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In Lingua Mortua - Bellowing Sea-Racked by Tempest CD (album) cover


In Lingua Mortua


Tech/Extreme Prog Metal

3.20 | 8 ratings

From, the ultimate progressive rock music website

Conor Fynes
Prog Reviewer
3 stars 'Bellowing Sea - Racked By Tempest' - In Lingua Mortua (6/10)

In Lingua Mortua is a Norwegian black metal band led by Lars Fredrik Frĝislie, a man better known for his contributions to the Scandinavian symphonic prog scene than anything traditionally grim or frostbitten. Although he may be considered to be something of an outsider given his status as a prog musician, Frĝislie and company perform a fairly convincing take on Norwegian black metal here. The music is well-performed, but painfully typical of the modern Norwegian black metal scene. Despite some interesting steps attempted to set In Lingua Mortua's sound apart from their compatriots however, 'Bellowing Sea - Racked By Tempest' does not pass as being much more than a clone of the once- great Dimmu Borgir.

Although Norway may be best known in black metal for a string of controversial crimes and classic albums from the early 90's, the bleak sound of the black metal second wave has generally given way to something more polished, melodic, and less offensive to the masses. Although the merits and demerits of this evolution could be talked about for weeks, it's clear that the sound is no longer aimed towards being completely dark and obscure. Some bands- like Dimmu Borgir and Ihsahn- have prospered under these new conditions, releasing stuff that rivals, if not surpasses what they first did. Of course, there are now legions of copycat acts, and despite their talent, this is an unfortunate pigeonhole I fear In Lingua Mortua falls into with 'Bellowing Sea'. Like Dimmu Borgir, In Lingua plays a highly refined style of black metal that gets infused with the undertones of a symphonic orchestra. Although the orchestra itself is programmed, there are instruments playing in 'Bellowing Sea' that are quite irregular for black metal, including the saxophone, violin, and flute. For the short amounts in which these instruments are used, they contrast the heavier black metal elements quite nice, but they are used too scarcely to effectively change my view of the album.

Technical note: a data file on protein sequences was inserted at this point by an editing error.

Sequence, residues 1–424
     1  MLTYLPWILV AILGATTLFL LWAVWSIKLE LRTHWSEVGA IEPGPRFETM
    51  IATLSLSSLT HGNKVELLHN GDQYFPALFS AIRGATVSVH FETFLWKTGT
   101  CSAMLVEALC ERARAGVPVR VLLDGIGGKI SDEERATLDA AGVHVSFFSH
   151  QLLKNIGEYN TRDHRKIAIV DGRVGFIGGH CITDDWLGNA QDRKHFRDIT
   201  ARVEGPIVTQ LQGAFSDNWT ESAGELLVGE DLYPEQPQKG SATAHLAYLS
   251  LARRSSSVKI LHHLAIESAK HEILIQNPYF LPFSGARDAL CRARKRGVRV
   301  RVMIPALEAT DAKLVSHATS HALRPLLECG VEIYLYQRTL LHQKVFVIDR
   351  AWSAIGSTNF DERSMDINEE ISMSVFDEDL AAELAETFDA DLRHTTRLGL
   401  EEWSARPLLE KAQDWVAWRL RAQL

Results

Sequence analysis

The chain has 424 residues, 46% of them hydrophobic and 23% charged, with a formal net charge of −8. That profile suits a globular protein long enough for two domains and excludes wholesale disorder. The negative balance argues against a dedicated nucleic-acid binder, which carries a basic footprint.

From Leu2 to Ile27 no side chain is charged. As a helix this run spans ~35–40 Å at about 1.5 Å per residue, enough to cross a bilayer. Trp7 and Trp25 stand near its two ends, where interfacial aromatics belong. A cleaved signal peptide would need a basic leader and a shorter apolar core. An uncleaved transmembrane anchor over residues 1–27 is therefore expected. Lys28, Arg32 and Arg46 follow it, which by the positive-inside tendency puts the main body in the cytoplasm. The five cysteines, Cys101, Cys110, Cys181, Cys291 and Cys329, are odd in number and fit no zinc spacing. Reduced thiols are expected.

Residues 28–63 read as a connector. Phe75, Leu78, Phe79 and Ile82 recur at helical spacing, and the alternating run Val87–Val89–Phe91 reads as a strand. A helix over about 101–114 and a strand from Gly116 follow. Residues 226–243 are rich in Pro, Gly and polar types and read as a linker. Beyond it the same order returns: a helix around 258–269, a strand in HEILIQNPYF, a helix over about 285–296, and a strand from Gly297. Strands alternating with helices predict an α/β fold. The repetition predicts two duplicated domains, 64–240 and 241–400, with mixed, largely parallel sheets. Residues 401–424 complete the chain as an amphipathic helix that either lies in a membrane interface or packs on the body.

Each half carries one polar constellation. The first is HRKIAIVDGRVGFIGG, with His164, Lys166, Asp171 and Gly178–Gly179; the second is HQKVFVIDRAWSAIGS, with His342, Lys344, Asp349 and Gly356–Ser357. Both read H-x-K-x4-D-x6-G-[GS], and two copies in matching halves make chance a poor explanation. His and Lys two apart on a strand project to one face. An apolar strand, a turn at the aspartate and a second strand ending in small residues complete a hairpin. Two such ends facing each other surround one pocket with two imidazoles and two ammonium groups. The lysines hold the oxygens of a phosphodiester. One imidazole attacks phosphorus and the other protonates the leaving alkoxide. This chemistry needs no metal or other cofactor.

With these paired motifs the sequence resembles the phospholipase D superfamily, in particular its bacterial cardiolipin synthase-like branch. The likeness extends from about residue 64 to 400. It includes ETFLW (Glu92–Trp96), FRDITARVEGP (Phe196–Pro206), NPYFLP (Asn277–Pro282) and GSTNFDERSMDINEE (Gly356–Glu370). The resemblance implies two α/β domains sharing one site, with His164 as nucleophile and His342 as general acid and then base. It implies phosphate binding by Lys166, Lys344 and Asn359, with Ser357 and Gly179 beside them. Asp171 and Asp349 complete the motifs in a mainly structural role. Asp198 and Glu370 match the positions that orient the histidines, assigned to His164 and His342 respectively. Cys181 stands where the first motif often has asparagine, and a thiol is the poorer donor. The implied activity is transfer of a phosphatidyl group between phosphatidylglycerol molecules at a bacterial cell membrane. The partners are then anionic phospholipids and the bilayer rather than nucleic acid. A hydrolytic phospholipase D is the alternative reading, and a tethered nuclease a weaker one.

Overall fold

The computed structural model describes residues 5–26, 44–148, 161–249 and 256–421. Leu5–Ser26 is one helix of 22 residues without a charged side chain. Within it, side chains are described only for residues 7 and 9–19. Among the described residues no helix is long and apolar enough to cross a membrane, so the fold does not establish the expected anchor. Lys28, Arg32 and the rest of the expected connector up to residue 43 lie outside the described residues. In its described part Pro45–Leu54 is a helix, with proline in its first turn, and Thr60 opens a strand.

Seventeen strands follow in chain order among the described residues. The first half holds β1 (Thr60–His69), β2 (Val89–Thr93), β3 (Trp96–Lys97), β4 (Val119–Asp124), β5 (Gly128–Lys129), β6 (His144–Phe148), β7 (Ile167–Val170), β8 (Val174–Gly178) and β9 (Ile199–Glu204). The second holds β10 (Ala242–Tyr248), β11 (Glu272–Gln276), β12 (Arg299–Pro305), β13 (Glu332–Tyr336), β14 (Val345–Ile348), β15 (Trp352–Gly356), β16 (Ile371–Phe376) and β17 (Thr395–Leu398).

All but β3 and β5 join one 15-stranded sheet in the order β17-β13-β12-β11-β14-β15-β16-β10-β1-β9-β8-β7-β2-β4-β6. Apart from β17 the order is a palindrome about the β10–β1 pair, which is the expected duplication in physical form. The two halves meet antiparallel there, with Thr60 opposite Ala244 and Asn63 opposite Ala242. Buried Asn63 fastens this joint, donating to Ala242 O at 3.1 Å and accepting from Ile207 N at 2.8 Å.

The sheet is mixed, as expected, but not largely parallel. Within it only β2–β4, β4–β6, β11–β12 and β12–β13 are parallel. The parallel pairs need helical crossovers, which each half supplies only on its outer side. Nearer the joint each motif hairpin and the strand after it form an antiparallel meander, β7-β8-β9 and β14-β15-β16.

Although a programmed orchestra can often range from being cheesy to downright terrible, the orchestrations here are rich and effective. Frĝislie is evidently a veteran of the 'symphonic' sound, even regardless of his history with progressive acts White Willow and Wobbler. Although all of the seasonings show plenty of potential, it is the core black metal sound of In Lingua Mortua that feels a little lackluster. The music is played with precision and refinement, and there are plenty of synth arrangements to give the guitars a greater feeling of depth.Although a polished production is usually not an issue, here, the incredibly clear sound leaves little to the imagination, and while In Lingua Mortua has many of the things I love in black metal- eerie keyboards and guitar melodies, for example- the way they are tossed together screams emulation over innovation.

Conor Fynes | 3/5 |


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